Who is the angel of the Lord? So angels are created spiritual beings who are to be messengers of God, sent by God and doing the will of God. We see angels functioning in this way in other places. Angels like Gabriel announcing the birth of Jesus or Michael appearing to the prophet Daniel. We also see the word for angel used to refer to human messengers as well. In Malachi 3, God says he will send his messenger who will prepare the way before the coming of the Lord. The messenger here refers to John the Baptizer. However, the character of the Angel of the Lord seems to be a different character than other angels or demons or even other people in the bible. As mysterious as it might seem, the Angel of the Lord seems at times to be both a messenger sent by God and God himself. And we saw that in our passage today. Who was speaking from the burning bush? Was it the Angel of the Lord speaking to Moses or was it the God of Abraham, Isaac, and Jacob? The answer seems to be yes. The Angel in one moment seems to be separate from God and in the very next moment, God himself. What is going on here? Who is this person?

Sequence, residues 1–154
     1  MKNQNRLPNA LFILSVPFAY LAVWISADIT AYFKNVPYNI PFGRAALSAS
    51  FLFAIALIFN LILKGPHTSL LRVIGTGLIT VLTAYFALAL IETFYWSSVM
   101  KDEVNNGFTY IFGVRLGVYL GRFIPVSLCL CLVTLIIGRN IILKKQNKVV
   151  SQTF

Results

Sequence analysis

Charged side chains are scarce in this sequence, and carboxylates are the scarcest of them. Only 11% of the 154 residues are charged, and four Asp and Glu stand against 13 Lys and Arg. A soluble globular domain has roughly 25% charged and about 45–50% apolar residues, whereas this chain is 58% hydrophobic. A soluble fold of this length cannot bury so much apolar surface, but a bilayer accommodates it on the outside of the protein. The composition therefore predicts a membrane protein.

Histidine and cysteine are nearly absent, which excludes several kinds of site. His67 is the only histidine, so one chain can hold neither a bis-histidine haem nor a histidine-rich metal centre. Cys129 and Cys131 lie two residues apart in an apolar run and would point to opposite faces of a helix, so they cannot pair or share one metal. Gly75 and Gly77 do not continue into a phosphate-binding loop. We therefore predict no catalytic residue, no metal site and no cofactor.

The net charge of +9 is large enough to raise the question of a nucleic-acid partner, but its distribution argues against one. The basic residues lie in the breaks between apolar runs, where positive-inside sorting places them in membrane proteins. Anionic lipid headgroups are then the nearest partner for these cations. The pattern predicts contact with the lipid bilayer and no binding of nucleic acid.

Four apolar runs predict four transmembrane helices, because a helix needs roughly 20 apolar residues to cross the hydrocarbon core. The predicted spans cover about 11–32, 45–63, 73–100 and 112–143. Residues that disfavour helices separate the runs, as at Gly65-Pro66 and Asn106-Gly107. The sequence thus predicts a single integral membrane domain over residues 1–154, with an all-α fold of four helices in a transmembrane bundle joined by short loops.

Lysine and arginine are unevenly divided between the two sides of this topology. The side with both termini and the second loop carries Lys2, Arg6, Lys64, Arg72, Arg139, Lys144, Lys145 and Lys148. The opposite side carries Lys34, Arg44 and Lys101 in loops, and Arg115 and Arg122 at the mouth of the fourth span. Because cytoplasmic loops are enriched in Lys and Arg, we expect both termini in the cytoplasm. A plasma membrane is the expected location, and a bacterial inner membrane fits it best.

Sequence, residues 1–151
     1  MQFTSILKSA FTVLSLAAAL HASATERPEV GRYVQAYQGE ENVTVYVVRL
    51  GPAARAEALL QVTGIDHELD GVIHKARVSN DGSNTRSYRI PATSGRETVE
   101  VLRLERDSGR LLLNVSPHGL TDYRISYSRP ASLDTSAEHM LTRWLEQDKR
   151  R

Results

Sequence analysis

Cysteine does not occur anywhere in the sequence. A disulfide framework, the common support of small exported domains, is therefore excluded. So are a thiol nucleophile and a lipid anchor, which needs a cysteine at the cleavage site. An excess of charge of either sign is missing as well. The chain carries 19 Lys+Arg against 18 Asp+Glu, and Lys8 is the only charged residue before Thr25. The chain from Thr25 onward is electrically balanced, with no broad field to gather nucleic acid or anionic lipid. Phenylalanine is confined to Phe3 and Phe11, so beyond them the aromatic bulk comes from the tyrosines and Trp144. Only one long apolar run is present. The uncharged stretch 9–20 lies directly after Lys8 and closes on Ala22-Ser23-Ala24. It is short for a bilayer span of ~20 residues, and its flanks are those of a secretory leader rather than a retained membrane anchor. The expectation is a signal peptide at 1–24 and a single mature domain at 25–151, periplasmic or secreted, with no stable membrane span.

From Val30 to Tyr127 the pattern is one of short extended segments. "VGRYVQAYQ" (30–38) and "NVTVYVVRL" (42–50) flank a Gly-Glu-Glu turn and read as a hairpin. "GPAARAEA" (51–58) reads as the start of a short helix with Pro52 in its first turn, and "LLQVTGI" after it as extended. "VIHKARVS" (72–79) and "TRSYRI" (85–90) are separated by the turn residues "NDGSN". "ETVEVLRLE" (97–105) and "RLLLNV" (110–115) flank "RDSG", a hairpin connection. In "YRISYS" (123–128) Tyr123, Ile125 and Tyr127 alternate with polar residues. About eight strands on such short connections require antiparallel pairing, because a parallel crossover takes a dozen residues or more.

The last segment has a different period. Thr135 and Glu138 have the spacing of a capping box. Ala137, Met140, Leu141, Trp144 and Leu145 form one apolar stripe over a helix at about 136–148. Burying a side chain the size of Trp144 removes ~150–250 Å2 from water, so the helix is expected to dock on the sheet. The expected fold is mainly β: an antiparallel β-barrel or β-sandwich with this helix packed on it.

Jesus is the messenger who mediates between God and his people. The angel of the Lord makes a number of appearances in the OT. He speaks to Hagar in Ge 16, he intervenes at the last minute when Abraham was about to sacrifice his son, Isaac, in Ge 22. The angel of the Lord would go with the people of Israel after they left Egypt and later appeared to Gideon in Judges 6 and other places in the OT. But then in the NT, the character of the angel of the Lord seems to disappear. However, there’s a new character who seems to be both with God and who was God. John the Apostle says his name is Jesus. In John 1:18 John says, “No one has ever seen God, but the one and only Son, who is himself God and is in closest relationship with the Father, has made him known.” Jesus was with God as the Son of God but Jesus was also God himself. As the God-man, Jesus Christ was sent from heaven as both a messenger of God, revealing God to us. But also as the true angel, one who perfectly did the will of his Father in heaven. Was this mysterious character of the Angel of the Lord a pre-incarnate Jesus? Who else could it be? The messenger of God speaking the very word of God; God himself. So why did Jesus come into the world? Because the world needed a perfect sacrifice. The world needed the cross of Christ. So Jesus didn’t stay in heaven. He came and he died and rose again for us. To both reveal to us who God is but also to rescue us into a new relationship with God in the kingdom of God. 1Ti 2:5-6a, “For there is one God and one mediator between God and mankind, the man Christ Jesus, who gave himself as a ransom for all people.” In the OT, the angel of the Lord is a prefiguration of the work of Jesus. And just might be Jesus himself. Jesus is the messenger who mediates between God and his people. No one comes to the Father except through him. Are you ready to listen to him? And believe in his name? If so, know that he goes with you just as he promised Moses. And his presence makes all the difference, even today. Let us pray.